Three videos taking a look at how Japan evolved during the medieval period.
In total, the boxes purchased contained 119 separate documents, 55 of which were written between 1308 and 1615.
The case study I took into consideration is the Korean Goryeo Buddhist Paintings, a painting tradition which is almost disappeared by its homeland, but which conserves the majority of its last surviving examples in Japanese temples and museums.
Researchers have revealed that Tadatoshi Hosokawa, a 17th century lord of Kyusyu, Japan, ordered his people to produce not only wine but also opium for medical purposes.
This study examines women’s visibility in journals composed by Japanese male aristocrats in the late fourteenth and early fifteenth centuries.
The Cleveland Museum of Art’s recent acquisitions include a 14th-century Japanese hanging scroll featuring the Buddhist deity Aizen Myōō, Wisdom King of Passion.
Among the Heike variants to be examined, the Kakuichibon (1371) and Enkyôbon (1309-10) exhibit certain symmetries of contrast that make them especially useful for understanding the relationship between sacred authority and manipulations of the defiled other embodied in outcast or semi-outcast performers.
Trade was essential to the development of urban forms in medieval Japan.
This paper describes in brief the historical evolution of forest management in Europe and in Japan and the motivations of these changes. In particular, the paper analyses three periods: pre-industrial (from the Middle-ages until the mid-17th century), industrial (from the mid-17th until the mid-20th century) and the post-industrial period (from the late-20th century until today)
Hayao Miyazaki’s films always present vibrant worlds full of lush, colorful landscapes, characters, and fantastic, even mythic adventures.
Although the historical figure known to us as Ono no Komachi (ca. 825–ca. 900) is considered to have been a famous and talented female court poet of the Heian Period in Japan, not much is known about her actual life.
Ever watched Akira Kurosawa’s movies or Inuyasha, or maybe some other Japanese entertainment, and wondered who you would have been during the Feudal Era?
The philosophical world of medieval Japan (here the 12th through 16th centuries, though other periodizations are possible) was a rich and multifaceted one.
This paper offers a first investigation of long-term trends in Japanese living standards from the mid-14th to the mid-19th century using urban daily wages and price data for a number of basic commodities.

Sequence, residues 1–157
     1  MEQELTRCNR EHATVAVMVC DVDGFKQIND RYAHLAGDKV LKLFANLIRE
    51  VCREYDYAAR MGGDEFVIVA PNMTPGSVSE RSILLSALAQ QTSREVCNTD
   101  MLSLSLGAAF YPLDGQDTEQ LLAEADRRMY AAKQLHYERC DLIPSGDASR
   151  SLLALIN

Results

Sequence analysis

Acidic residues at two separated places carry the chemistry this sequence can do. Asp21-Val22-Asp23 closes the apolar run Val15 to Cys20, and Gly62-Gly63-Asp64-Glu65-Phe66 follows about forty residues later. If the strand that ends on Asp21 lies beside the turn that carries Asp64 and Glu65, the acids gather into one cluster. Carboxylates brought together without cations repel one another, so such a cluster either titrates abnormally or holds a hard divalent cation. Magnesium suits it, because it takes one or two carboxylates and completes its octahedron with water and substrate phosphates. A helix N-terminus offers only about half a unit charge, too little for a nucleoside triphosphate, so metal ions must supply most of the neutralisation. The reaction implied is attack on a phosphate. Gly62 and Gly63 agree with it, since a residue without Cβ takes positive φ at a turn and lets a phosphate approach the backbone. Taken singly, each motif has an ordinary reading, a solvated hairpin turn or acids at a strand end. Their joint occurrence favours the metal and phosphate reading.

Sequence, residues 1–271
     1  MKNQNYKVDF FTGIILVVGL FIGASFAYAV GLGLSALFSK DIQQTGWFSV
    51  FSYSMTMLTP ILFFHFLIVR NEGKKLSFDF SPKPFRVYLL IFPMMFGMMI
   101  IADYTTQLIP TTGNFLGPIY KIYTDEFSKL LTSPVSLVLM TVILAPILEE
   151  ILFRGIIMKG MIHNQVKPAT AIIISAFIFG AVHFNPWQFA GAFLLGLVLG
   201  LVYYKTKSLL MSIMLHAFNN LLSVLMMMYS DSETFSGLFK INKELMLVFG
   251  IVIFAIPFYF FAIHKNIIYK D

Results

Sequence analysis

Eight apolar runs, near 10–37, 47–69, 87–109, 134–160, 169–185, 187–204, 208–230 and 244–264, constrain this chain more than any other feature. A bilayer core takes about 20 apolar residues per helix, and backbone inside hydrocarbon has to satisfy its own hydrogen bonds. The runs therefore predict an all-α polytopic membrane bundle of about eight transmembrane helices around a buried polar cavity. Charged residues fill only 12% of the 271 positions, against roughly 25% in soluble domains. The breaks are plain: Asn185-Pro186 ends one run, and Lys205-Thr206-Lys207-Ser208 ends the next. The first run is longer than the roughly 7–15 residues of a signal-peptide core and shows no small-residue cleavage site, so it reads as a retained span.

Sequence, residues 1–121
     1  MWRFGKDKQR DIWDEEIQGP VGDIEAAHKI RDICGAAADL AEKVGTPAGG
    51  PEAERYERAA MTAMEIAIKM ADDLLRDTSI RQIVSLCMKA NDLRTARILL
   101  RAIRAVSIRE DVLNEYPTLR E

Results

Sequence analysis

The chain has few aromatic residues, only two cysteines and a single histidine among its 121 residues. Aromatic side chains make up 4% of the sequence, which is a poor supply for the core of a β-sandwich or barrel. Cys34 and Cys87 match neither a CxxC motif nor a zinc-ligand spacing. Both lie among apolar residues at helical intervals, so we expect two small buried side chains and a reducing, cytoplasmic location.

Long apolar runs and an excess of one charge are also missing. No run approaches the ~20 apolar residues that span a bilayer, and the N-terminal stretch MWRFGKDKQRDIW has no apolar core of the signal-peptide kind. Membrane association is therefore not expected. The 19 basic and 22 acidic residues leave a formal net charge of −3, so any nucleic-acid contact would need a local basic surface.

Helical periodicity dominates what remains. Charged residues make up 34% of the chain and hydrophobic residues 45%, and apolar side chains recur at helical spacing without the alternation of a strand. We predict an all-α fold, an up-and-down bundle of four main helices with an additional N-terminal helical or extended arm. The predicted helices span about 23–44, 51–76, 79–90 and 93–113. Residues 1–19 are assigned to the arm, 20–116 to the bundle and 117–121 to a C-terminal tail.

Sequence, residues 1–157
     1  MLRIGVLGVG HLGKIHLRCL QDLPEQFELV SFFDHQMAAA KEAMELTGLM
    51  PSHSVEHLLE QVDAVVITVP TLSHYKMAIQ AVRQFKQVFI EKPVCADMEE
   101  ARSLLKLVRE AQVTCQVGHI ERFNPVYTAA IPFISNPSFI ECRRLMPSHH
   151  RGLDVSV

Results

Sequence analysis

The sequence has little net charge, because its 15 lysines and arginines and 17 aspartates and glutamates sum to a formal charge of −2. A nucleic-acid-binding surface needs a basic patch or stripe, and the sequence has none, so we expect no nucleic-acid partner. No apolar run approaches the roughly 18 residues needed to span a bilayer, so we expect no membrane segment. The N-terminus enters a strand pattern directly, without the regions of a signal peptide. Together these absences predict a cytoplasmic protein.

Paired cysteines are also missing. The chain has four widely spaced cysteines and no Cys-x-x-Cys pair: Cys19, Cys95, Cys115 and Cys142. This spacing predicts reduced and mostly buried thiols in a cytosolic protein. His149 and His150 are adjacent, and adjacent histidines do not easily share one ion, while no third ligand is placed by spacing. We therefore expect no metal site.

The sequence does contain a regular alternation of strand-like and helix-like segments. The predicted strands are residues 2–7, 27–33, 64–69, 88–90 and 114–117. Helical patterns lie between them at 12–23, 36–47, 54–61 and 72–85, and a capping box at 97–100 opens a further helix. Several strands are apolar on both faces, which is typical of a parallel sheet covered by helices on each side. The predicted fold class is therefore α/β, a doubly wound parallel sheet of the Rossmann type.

Regional magnates, or daimyo, came to dominate the political landscape of Japan, each controlling territory on their own authority. These military strongmen established control over local warriors and cultivators and then began to challenge one another for supremacy. The result was a period of protracted civil war lasting for almost 150 years.
The Ninja had many roles in their clans: some were unarmed experts, while others used a particular weapon. Some were intelligence gatherers, and others war strategists. Still, others were Kunoichi–female ninja! Only one was the grandmaster! This test will reveal what role you might have fulfilled in an ancient clan!
In the course of the eleventh and twelfth centuries, the warrior elites of Japan and northwestern Europe, despite many similarities in ethos and lifestyle, developed very different cultures of death.
Three videos from the Portland Art Museum
Bushido’s derivative word, bushi, was the original term for the upper warrior classes. The spiritual aspects of it arose from two main sources: Buddhism and Shintoism. Buddhism provided the necessary components for bravery in the face of death.
The early-modern, Portuguese-sponsored Jesuit mission to Japan left behind a body of Christian literature in Japanese whose alphabetic texts have been a treasure trove for linguists, its existence a point of pride for Christian sectarians, and its content rich material for historians.
Japanese tradition has revolved for centuries around the concept that groups of people must work together to accomplish goals.
To begin, we must ask the question, ‘what was ʻmedievalʼ about medieval Kyoto?’
The scope of the study spans two distinct phases of piratical activity by Japanese marauders known as the wako, the first lasting from 1223 to 1265 and the second from 1350 to the early 1400s.
Obesity was stigmatized in medieval Japan in part, at least, because it was viewed as the karmic consequence of a moral failing in a Buddhist context. The stigma in Europe was based on the Christian deadly sin of gluttony